While traditional asset classes fail to foster broader adoption among women, crypto seems to have found success in bringing women on board, according to a recent survey.
Data sent to Cointelegraph by the eToro team highlighted that crypto is now the second most widely-owned asset class for women, second only to cash. This comes from eToro’s latest Retail Investor Beat, which surveyed around 10,000 global retail investors in 13 countries.
According to the survey results, there is a significant rise in crypto ownership among women. Data shows that ownership increased from 29% in the third quarter of 2022 to 34% in the last quarter. According to the eToro team, this suggests that crypto is “succeeding where traditional financial markets have sometimes failed, " which is by bringing in more women.
While crypto adoption among women has taken flight in the last quarter of 2022, ownership among men only increased by one percent in the same time period.
Meanwhile, despite crypto being considered last year’s worst-performing asset class, the overall amount of global investors owning crypto rose from 36% to 39% on a quarter-on-quarter basis.
Apart from being driven by women jumping in, the data was also influenced by older investors buying the dip. Retail investors holding crypto aged 35–44 and 45–54 rose by 5% each, suggesting that older investors are also accumulating crypto.
As for why more investors are getting into crypto, 37% of the survey participants said they are taking the opportunity to make high returns, while 34% said that they believe in the power of blockchain and think crypto is a transformative asset class.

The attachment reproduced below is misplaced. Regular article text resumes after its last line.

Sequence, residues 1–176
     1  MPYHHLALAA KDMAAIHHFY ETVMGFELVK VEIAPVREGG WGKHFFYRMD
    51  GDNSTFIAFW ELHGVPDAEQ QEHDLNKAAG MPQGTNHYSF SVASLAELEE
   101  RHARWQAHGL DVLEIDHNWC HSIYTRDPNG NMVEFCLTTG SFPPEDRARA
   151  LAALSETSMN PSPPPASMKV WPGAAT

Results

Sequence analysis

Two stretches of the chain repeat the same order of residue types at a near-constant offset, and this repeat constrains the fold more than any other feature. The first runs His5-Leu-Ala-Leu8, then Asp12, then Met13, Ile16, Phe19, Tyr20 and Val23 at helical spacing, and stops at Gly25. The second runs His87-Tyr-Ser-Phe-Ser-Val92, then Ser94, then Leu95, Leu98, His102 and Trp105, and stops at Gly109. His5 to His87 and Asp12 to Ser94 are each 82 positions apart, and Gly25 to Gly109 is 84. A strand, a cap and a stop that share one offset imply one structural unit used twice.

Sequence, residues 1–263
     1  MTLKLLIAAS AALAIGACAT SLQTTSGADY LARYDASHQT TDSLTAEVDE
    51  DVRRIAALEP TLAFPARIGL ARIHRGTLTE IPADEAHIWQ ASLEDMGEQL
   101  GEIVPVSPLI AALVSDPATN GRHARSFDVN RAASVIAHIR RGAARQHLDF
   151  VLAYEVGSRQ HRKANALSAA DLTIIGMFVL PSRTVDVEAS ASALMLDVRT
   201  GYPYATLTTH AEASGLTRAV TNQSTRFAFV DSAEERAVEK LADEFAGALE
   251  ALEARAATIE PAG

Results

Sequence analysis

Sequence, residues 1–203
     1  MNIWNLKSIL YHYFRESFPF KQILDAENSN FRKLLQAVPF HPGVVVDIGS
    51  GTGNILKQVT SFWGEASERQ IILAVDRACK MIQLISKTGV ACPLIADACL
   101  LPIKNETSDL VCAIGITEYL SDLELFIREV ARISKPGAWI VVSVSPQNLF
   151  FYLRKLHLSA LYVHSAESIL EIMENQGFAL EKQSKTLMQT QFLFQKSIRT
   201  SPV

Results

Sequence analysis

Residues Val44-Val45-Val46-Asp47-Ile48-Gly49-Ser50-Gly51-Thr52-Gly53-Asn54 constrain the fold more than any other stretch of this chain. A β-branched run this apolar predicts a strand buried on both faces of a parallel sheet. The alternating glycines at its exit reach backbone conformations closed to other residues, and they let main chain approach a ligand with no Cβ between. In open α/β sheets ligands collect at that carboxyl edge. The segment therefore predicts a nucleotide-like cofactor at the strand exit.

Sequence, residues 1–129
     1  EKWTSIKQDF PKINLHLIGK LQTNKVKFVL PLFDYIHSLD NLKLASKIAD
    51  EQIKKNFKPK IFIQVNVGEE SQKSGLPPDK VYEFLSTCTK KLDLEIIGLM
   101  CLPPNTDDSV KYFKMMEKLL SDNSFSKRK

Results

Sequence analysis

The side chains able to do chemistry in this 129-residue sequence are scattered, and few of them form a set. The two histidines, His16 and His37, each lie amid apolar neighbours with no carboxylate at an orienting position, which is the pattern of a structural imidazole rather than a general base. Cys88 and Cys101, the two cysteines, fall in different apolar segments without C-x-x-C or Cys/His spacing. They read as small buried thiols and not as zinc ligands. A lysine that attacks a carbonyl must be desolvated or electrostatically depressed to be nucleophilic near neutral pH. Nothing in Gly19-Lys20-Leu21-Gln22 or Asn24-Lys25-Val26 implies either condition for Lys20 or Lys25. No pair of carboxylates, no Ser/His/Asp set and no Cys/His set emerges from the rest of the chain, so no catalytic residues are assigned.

Apart from retail investors expressing their belief in blockchain technology by investing, businesses are also starting to do the same. On Jan. 12, Casper Labs found that among the 603 businesses that participated in a survey, 90% have already deployed blockchain in some capacity.
If the foreign exchange market starts using decentralized finance (DeFi) protocols instead of the current centralized systems, the cost of remittances could be reduced by “as much as 80%,” according to a Jan. 19 paper jointly published by researchers at Circle and Uniswap.
The paper, titled “On-chain Foreign Exchange and Cross-border Payments,” was written by Uniswap Data Scientist Austin Adams, Circle Chief Economist Gordon Liao, Mary Catherine Lader, David Puth and Xin Wan.
The authors studied the trading activity of Circle’s U.S. Dollar Coin and Euro Coin (EUROC) on Uniswap from July 2022 through January. They found that the coins had $128 million in total volume, with some days having trading volume as high as $8 million.
During this time, the stablecoins USDC and EUROC traded within a few basis points of exchange rates found in the wholesale forex market for their backing currencies, USD and EUR. In the authors’ view, this showed that the DeFi forex market was providing a reasonable alternative to traditional forex, with good price efficiency, despite its smaller trading volume.
However, the researchers wanted to know if using DeFi protocols like Uniswap could provide savings to participants in the forex market. So they analyzed the costs associated with the traditional “correspondent banking model” of forex vs. those associated with DeFi forex.